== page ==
Cash for Clunkers: The Labyrinthine Method for Claiming Diminished Value in North Carolina

Paying for your car repairs is often only the first battle in the Property Damage war.  You may not know it, but you're also entitled to the diminished value of your car, and North Carolina law provides an alternative method for handling your diminished value claim with the insurance company.

Paying for your car repairs is often only the first battle in the Property Damage war.  You may not know it, but you're also entitled to the diminished value of your car, and North Carolina law provides an alternative method for handling your diminished value claim with the insurance company.

What do you mean when you say "diminished value?"

Imagine with me that two years ago, you bought a brand-new (at the time) 2015 Chevy Corvette Z06 convertible.  Cherry red, 6.2 liter V8, 650 horsepower, zero to sixty in three seconds flat.  It was the car you had always dreamed of, and you were happy to pony up the $85,000 that it cost.  Diminished value claims were the furthest thing from your mind.

But six months later, you got sideswiped on 540 by some dude in a Jeep Cherokee.  You were fine and the car was repaired, so you took the money that his insurance company gave you and went on your way.  But now, two years after buying the car, your life has changed.  You're married with a baby on the way, and Corvettes don't make for great family transportation.  So you decide to sell the 'Vette and get a nice Tahoe.

Now imagine that you're at the dealership.  You've done your homework, and you know that the Kelley Blue Book value on your Corvette is $65,000.  But when you go to trade it in, the dealership only offers you $50,000 on account of the Carfax showing a past accident.  You're ticked.  You didn't realize that the accident would have such far-reaching implications, and you're wondering if you can go back and claim that diminished value from the at-fault driver's liability insurance provider.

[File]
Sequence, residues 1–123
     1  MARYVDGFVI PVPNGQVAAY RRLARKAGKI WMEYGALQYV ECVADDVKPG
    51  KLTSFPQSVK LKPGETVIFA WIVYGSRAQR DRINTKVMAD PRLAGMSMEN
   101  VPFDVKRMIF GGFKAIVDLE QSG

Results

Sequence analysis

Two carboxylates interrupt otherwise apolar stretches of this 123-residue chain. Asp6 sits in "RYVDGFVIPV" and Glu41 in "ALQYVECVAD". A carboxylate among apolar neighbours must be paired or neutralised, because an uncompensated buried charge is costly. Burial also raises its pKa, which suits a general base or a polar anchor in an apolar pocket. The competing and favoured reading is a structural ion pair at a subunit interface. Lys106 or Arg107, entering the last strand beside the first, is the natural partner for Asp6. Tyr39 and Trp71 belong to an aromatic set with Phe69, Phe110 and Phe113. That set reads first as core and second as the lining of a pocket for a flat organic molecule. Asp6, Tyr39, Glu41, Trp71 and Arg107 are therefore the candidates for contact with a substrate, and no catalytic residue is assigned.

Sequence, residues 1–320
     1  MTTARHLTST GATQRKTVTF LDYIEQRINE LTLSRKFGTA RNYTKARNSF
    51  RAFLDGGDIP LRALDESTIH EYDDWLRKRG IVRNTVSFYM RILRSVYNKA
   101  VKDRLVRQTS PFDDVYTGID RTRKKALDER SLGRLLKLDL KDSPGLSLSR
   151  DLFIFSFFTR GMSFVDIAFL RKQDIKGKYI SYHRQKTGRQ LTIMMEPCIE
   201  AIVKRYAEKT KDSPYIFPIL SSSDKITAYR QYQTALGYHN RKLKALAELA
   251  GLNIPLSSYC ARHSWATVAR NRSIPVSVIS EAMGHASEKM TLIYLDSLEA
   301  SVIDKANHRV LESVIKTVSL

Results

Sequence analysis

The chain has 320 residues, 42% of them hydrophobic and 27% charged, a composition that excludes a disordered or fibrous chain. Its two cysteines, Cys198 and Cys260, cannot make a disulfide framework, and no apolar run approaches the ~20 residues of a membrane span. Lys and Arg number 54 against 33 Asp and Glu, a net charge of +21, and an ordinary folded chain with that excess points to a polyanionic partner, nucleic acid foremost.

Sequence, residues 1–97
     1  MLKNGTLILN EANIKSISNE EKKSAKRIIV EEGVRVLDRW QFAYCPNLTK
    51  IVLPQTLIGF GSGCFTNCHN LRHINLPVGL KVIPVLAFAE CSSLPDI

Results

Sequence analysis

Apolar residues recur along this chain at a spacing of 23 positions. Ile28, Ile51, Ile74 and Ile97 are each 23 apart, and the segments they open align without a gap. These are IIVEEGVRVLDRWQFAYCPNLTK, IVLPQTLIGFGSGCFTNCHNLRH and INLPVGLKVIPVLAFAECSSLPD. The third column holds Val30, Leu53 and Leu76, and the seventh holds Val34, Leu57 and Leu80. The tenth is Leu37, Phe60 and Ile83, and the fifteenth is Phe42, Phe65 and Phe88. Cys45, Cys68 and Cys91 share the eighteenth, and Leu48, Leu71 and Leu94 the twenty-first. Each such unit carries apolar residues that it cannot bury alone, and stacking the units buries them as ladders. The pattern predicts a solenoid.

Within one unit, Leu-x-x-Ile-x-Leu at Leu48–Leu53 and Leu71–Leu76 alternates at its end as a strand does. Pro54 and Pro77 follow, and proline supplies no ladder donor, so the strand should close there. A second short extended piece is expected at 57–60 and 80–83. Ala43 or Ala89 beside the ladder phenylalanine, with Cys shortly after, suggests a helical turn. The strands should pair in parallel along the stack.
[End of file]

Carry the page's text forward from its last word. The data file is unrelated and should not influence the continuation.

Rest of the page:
The short answer is that as long as you didn't sign a full and final settlement and release of all your claims, yes, you can claim diminished value.  Folks like you, who've been harmed by the negligence of another, are entitled to compensation of all of the damages you've suffered due to said negligence; including any diminished value of your vehicle.  However, the process for claiming diminished value in North Carolina can get a little tricky.  Let's go over it step by step.

Option One:  Try the old-fashioned approach.

This is fairly straightforward.  Get the car repaired, get an appraisal of what the diminished value is, open a diminished value claim with the liability carrier, and hope that they give you a fair shake.  Oftentimes this approach works, but if it doesn't, you'll either need to (i) file your lawsuit or (ii) implement the alternative method prescribed by North Carolina law.  It's a bit of a rabbit hole, but it can and does work.

Option Two:  The "Appraisal Clause."

As of January 2010, personal injury claimants have access to the "Appraisal Clause" found in North Carolina General Statutes § 20-279.21(d1).  To use this option, you need to have an appraisal done on the vehicle, and demand that the insurance company get one of their own.  If they've already had one performed and you're just at odds with them over what the diminished value is, then it might be wise for you to just go ahead and file your lawsuit.  The Appraisal Clause has several requirements, as follows: